The standard leftist refrain about “advanced capitalism” is that it amounts to “socialism for the rich and capitalism for the poor.” Like most leftist notions, this idea represents almost the exact opposite of the truth. The system they refer to is anything but socialism for the rich and capitalism for the poor. Capitalists do not want socialism for themselves and capitalism for the rest. Capitalists seek profit, which can only come under a capitalist system.
Of course, the phrase “socialism for the rich and capitalism for the poor” is premised on the leftist belief that socialism is obviously beneficial for those living under it, a veritable land of milk and honey, while capitalism is a nefarious, dog-eat-dog, every-man-for-himself “anarchy,” where the dogs fight each other for the scraps and many necessarily starve. Socialism is to be sought and capitalism to be avoided, at all costs. But the truth of the matter is that capitalism is the productive system that creates wealth and rightfully distributes it, while socialism is the consumptive system that restricts the creation of wealth and wrongfully devours it.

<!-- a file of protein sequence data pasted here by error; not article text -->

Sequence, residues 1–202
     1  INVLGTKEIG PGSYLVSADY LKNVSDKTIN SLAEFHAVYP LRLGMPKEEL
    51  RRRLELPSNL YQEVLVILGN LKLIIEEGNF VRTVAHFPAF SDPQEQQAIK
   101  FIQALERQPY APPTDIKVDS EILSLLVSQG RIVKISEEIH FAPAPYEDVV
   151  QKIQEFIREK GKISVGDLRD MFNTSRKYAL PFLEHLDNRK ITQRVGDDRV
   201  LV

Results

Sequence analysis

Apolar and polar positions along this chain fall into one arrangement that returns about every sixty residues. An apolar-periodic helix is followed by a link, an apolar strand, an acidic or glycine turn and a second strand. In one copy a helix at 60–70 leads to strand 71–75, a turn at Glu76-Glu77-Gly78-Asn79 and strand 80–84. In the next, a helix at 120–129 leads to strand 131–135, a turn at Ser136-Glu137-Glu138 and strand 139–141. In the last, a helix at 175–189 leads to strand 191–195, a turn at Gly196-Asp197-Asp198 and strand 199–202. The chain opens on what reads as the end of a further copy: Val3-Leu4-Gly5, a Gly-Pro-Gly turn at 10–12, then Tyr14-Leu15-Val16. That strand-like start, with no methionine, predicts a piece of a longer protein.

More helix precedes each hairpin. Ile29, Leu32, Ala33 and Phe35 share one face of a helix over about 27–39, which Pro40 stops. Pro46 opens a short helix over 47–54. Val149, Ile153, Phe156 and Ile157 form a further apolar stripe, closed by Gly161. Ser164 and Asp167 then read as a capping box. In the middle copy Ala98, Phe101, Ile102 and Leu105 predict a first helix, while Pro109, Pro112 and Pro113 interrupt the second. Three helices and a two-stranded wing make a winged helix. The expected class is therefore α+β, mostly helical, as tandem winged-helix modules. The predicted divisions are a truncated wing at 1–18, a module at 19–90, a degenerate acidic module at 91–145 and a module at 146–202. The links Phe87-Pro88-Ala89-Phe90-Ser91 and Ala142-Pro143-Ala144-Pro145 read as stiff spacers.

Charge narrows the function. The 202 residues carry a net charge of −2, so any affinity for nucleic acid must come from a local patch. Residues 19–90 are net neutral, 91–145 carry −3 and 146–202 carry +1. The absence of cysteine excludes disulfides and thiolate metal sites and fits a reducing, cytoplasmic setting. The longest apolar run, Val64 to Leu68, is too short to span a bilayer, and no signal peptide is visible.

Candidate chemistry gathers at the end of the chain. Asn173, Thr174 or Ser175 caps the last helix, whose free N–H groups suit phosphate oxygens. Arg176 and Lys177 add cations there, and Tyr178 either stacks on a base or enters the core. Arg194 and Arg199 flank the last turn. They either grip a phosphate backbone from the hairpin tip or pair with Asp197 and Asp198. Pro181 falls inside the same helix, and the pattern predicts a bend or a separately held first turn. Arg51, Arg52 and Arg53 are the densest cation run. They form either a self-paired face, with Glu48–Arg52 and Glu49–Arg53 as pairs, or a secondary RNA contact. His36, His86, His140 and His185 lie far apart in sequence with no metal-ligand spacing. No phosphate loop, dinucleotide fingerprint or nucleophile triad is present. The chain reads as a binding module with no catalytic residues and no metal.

Why is this the case? In socializing the means of production, socialism disincentivizes personal, private investment in capital formation, including capital in oneself. Under socialism, private investment in capital resources, including in oneself, is discouraged (or disallowed). Socialism thus favors the noninvestor, the nonproducer, and the nonuser of the means of production and disfavors (or disallows) the private investor, the producer, and the user of the means of production. Therefore, fewer people will undertake these roles, and capital formation will decline; less appropriation of natural resources, less development of new factors of production, and less upkeep of old factors of production will occur.1
Additionally, since investment in productive factors is discouraged (or disallowed), socialism disincentivizes saving and encourages consumption. Since one cannot become a capitalist, there is less reason to save and more reason to spend. The result will be less production of consumer goods, and likewise, a lower standard of living for everyone.